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U.S. Information Agency: Inappropriate Uses of Educational and Cultural Exchange Visas

NSIAD-90-61 Published: Feb 16, 1990. Publicly Released: Feb 16, 1990.
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Pursuant to a legislative requirement, GAO reviewed the activities of international visitors participating in educational and cultural exchange programs in the United States under J visas.


Matter for Congressional Consideration

Matter Status Comments
A number of J-visa activities in the practical trainee and international visitor categories, including summer student travel/work, camp counselor, and au pair activities, some of which have been ongoing for years, do not conform to the original legislative intent concerning educational and cultural exchanges. Congress may wish to review the status of those kinds of participants and activities to determine whether they should be included under other visas or explicitly provided for under the J-visa or other legislation.
Closed – Implemented
The House Judiciary Committee cleared a provision (H.R. 4300) transferring au pair programs to Labor, but it did not pass Congress. The Eisenhower legislation continues au pairs at USIA. The Immigration Act of 1990 established a new Q visa for employees of cultural exchanges.

Recommendations for Executive Action

Agency Affected Recommendation Status
United States Information Agency The Director, USIA, should revise the J-visa regulations to make them consistent with the authorizing legislation and more comprehensive regarding policy and program objectives and criteria as to what constitutes a bona fide program under the act.
Closed – Implemented
USIA has revised the regulations as recommended. The Office of Management and Budget is expected to clear final regulations in 1993.
United States Information Agency The Director, USIA, should determine the number of valid programs, update the computerized management information system, cancel inactive programs, and require programs to comply with the condition to have at least five participants a year.
Closed – Implemented
USIA is conducting management systems and systems analysis surveys to identify the areas that require support. The agency has refined its computer system but is considering designing an enhanced system. In addition, all inactive programs have been cancelled.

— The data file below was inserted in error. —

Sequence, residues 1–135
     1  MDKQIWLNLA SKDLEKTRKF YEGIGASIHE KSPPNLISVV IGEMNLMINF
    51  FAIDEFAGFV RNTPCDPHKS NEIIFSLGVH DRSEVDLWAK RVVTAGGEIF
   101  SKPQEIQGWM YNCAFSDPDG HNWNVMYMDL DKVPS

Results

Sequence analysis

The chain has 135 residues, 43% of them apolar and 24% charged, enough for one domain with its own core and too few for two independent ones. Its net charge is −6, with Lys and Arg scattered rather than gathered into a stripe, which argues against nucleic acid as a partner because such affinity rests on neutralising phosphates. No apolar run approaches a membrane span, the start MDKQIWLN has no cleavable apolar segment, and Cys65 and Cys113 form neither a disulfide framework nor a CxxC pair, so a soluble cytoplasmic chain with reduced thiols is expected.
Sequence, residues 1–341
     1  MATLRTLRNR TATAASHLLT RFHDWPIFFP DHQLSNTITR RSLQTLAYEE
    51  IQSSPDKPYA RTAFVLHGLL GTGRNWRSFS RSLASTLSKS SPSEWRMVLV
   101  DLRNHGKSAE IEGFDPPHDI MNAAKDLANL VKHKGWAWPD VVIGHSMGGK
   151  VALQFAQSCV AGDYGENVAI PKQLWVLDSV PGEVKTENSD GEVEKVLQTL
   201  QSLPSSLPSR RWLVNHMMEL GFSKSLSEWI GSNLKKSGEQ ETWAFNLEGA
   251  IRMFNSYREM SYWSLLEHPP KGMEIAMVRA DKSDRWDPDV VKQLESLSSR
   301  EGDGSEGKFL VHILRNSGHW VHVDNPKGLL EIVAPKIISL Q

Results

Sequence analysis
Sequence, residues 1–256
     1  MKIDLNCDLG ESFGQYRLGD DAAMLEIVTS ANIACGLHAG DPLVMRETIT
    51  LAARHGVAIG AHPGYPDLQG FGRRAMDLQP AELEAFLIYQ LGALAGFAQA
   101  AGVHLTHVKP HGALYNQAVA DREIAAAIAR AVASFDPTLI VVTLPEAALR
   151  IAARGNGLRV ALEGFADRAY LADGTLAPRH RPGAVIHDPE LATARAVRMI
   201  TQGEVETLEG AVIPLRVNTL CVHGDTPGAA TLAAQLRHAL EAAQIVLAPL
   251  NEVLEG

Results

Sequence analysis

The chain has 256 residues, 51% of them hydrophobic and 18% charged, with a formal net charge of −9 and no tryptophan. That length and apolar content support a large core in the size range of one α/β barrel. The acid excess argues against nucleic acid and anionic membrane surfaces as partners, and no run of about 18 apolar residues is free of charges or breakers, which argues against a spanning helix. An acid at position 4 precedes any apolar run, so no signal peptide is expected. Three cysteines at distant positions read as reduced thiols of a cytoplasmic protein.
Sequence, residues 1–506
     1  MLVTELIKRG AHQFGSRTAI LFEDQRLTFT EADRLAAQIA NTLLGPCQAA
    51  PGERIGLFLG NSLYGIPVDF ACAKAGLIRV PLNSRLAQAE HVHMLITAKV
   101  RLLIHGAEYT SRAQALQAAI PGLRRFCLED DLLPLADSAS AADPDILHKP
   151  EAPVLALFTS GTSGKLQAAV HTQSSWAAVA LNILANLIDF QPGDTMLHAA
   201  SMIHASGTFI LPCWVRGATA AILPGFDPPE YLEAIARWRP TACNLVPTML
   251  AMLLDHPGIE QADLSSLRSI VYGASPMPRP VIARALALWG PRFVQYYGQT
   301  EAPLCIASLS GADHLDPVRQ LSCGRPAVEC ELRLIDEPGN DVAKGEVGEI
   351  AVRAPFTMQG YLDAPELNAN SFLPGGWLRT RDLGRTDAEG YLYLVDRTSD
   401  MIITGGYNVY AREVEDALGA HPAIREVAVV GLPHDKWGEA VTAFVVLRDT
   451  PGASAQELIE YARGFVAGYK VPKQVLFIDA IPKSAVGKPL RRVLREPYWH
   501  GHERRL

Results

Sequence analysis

United States Information Agency The Director, USIA, should review and revalidate all designated programs periodically to ensure that their activities are consistent with their designation and that the designation continues to serve policy and program objectives.
Closed – Implemented
The agency has validated all programs and cancelled 484 programs that were inactive or had less than five participants.
United States Information Agency The Director, USIA, should ensure that participants' status and their activities are consistent with the statute.
Closed – Implemented
Pending revision of the regulations, USIA has placed a moratorium on designating new programs and expanding existing programs for au pairs, camp counselors, summer student travel, and training.
United States Information Agency The Director, USIA, should correct the erroneous participant categories in the data system and provide funding for timely input of participant information from the visa authorization form.
Closed – Implemented
The agency established a new $300,000 data system which is expected to provide accurate and timely information.
United States Information Agency The Director, USIA, should establish the form and content of annual reports, ensure that sponsors submit annual reports, and use the reports to monitor program activities.
Closed – Implemented
Organizations requesting IAP-66 forms must have a current annual report on file. The file is reviewed by a program officer before the program assistant forwards the forms. The regulatory task force will review the reporting requirements for each category. The revised regulations include explicit reporting requirements.
United States Information Agency The Director, USIA, should monitor sponsors' extensions of participants' stay in the United States beyond specified program lengths and work with the Immigration and Naturalization Service (INS) to ensure that extensions are granted only in exceptional circumstances or for completion of highly specialized training and are equitably and uniformly administered.
Closed – Implemented
At the present time, INS regulations provide for extension decisions to be made at INS. USIA is working with INS to achieve cooperation in this area. The revised regulations require program sponsors to obtain USIA approval of program extensions beyond specified lengths.
United States Information Agency The Director, USIA, should establish a requirement that new types of program designations be coordinated with the Bureau of Educational and Cultural Affairs, the Department of Labor, and other involved agencies.
Closed – Implemented
A formal coordinating requirement was not established. However, sponsor applications for programs that appear to be labor intensive are now coordinated with the Department of Labor.

Full Report

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Immigration statusCultural exchange programsImmigration and naturalization lawInteragency relationsManagement information systemsNoncomplianceProgram abusesTemporary employmentVital recordsJ-1 Visas